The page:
India’s quality control order is trade barrier, federation says
Secondary steel producers in India have opposed the quality control order issued by the country’s steel ministry on March 15, 2012, terming it a technical barrier to trade.
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The Confederation of Indian Steel Producers Assn (Cispa) wrote to the ministry asked for the repeal of the Steel and Steel Products (Quality Control) Order, which was to be implemented from September 2012.
Cispa represents secondary producers of long and flat products who account for around 50% of total indigenous production of finished steel, including 70% of bar rods and structurals, and 45% of cold rolled, galvanized, colour coated and electrical sheet.
Cispa’s letter said that the order, if implemented, will lead to enormous national wastage through compulsory scrapping non-BIS (Bureau of Indian Standards) accredited steel – or commercial-grade steel – which has been used for numerous applications over the past several decades in India and other countries.
Barrier to imports
“The implementation of the Steel and Steel Products (Quality Control) Order will be a big barrier to imports. What it implies is that every foreign company will have to register with BIS and pay 1% of the cost of imports towards inspection,” SC Mathur, general secretary of the Cold Rolled Steel Manufacturers Assn (Corsma), told Metal Bulletin.
Corsma is one of the members of Cispa, which also include the Steel Re-rolling Mills Assn, the Iron & Steel Scrap Assn of India and the All India Steel Rerollers Assn.
Most cold rollers import hot rolled coil (HRC), rolling it into cold rolled, galvanized and colour-coated products.
The order, dated March 15, stipulates “No person shall by himself or through any other person on his behalf manufacture or store for sale or distribute any steel products specified in the schedule which do not confirm to the specified standards and does not bear the standard mark of [the] BIS.”
It continues: “Similar conditions will be applicable to all imports included in the schedule of the order and foreign producers exporting to India will have to register with BIS for inspection of products by BIS-appointed inspectors.”
Breach of WTO rules
An official from the world’s largest steel producer, ArcelorMittal, told Metal Bulletin that the order was not in conformity with the rules of the World Trade Organisation (WTO), and that the European Commission has opposed similar trade barriers.
The European Commission’s enterprise and industry directorate general in Brussels had earlier written to India’s ministry of commerce saying that the steel ministry’s order was a technical barrier to trade (TBT) and is in breach of article 5.1.2 of TBT included in the WTO rules.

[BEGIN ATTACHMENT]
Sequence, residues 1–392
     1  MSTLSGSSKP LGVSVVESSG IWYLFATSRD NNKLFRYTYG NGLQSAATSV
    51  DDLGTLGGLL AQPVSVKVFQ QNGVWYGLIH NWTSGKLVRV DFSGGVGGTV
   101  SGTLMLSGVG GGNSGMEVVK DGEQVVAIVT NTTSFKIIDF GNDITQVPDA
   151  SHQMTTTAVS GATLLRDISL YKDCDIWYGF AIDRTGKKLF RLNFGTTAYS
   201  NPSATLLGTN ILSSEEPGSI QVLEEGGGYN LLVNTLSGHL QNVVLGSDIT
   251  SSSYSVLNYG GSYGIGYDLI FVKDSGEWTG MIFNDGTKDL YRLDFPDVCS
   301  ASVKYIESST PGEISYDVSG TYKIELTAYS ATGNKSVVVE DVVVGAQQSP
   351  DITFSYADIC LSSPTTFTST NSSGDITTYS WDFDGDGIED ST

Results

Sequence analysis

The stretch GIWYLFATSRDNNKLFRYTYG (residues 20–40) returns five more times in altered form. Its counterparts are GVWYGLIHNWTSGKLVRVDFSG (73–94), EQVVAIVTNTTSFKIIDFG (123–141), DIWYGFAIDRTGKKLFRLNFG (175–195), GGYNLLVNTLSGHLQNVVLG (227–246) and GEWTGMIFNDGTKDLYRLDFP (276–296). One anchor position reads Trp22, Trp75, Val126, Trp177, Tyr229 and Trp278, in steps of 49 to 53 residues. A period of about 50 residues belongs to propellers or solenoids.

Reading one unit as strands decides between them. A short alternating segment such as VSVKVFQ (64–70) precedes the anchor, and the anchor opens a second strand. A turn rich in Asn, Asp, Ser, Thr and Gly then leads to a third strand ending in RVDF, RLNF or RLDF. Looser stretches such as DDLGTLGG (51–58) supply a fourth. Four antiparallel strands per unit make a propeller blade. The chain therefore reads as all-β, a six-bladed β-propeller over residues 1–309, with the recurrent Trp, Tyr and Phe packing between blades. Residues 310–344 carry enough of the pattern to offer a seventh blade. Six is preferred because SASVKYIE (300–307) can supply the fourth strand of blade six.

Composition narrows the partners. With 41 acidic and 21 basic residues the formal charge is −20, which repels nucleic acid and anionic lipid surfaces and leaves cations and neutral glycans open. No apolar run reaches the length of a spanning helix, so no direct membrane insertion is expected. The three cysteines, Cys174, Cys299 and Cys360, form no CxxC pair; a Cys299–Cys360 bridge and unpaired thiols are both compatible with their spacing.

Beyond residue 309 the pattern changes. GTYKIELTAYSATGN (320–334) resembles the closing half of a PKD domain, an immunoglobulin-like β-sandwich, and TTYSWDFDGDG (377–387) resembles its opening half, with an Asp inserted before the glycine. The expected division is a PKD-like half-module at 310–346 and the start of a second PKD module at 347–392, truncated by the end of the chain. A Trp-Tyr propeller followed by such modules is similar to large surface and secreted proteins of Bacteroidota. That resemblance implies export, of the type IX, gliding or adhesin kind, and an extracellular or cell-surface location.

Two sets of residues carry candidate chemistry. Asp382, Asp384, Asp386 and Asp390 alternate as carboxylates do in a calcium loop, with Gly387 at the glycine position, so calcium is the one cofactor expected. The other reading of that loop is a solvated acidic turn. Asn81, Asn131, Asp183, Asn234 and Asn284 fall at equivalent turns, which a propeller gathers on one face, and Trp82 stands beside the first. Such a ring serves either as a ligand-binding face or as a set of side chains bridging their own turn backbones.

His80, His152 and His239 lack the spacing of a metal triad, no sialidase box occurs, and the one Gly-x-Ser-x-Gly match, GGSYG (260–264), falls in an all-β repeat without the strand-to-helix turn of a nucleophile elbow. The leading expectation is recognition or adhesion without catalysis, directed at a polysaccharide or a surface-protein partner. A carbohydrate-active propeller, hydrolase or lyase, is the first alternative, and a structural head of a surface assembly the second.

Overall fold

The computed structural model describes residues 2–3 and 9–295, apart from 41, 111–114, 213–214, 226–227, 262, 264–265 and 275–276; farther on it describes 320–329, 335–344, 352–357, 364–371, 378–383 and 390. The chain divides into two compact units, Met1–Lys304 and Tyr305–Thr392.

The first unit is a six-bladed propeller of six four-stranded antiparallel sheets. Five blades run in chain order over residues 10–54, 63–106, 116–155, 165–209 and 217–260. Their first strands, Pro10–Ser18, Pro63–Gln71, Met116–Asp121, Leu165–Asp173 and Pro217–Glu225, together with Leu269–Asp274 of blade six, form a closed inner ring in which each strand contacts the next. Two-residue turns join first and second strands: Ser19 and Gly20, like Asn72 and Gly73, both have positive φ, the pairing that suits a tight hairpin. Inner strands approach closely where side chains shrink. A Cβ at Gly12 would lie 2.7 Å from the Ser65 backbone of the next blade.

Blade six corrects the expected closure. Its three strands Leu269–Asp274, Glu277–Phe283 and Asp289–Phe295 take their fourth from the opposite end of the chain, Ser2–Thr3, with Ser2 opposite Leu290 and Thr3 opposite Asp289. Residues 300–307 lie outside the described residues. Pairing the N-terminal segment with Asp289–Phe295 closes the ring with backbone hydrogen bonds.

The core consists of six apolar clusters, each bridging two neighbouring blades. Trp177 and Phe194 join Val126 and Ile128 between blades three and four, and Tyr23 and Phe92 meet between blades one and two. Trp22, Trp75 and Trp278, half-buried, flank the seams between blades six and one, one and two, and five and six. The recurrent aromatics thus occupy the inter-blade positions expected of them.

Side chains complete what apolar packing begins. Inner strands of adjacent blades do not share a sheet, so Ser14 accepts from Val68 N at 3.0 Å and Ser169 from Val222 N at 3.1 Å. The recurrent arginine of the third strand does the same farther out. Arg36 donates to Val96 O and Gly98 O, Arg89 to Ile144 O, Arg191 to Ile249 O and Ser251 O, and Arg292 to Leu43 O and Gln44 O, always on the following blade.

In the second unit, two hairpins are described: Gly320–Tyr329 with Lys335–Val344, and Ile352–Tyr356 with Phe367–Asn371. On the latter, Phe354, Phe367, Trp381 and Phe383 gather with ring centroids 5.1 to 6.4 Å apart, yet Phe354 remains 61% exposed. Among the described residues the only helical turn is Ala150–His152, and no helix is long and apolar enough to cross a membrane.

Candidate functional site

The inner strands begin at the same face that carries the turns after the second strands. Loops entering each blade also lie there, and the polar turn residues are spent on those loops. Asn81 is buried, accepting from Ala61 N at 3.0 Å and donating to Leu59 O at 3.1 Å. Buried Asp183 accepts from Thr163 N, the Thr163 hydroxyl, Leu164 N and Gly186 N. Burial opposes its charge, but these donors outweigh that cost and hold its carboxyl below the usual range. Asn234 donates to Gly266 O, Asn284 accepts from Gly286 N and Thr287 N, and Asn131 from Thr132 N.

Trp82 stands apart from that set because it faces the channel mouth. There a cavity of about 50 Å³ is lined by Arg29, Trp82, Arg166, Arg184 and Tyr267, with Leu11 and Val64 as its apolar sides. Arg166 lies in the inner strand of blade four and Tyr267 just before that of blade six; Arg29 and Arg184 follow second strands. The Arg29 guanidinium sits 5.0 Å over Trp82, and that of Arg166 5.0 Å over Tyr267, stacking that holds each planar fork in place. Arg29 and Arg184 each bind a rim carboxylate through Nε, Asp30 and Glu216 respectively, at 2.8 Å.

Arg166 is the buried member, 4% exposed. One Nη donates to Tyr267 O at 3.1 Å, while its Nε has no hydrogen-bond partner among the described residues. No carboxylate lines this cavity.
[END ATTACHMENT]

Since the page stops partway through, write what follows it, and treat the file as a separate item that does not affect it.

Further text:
The ArcelorMittal official pointed out that every product which is exported is given a mill test certificate which details all its properties and technical specifications.
“What is the point in the material being inspected again […] when all the details have already been furnished? If it is not as per specification, the customer will not agree to pay,” he said.
No commercial-grade steel
The order would also affect importers of commercial-grade flat steel products, particularly HRC and plate, besides all long products, as the order stipulates that commercial-grade steel will be scrapped.
More than 50% of the HRC and plate imported into India is commercial grade.
Cispa’s letter to the ministry also pointed out that the quality control order is designed to block competition from secondary producers and importers.
“It is apparent the decision of the ministry of steel was taken on misrepresentation of the facts by vested interests,” Cispa said.
It added: “The proposal for quality control was not initiated by consumers or by BIS, but by some major producers pursuant to repeal of Director General of Foreign Trade Notification No44 stipulating mandatory registration of foreign suppliers by BIS, on the grounds that such conditions could not be imposed on foreign suppliers since, as per the WTO regulations, these conditions were not applicable to Indian producers.”
Considered and rejected
A first draft of the order was considered and rejected by the sector co-ordination committee of the ministry of steel, and the BIS held on September 14, 2004, that it was unnecessary, involved enormous wastage of national resources, and implementation posed insurmountable problems and would breed corruption.
The proposal was rejected in several subsequent meetings but the ministry of steel persisted and a first order was issued in November 2007.
Cispa’s letter said that the second order issued by the ministry set a deadline of September 12, 2012, without considering its deeply adverse effect on the economy.
Apart from the enormous national loss involved in scrapping usable steel, Cispa warned, the order would involve loss of production of around 10 million tonnes, or 30% of total output, from secondary steel producers, resulting in shortages of material and price hikes.
It would also create blockages to essential imports, and foster the creation of cartels and monopolistic pricing.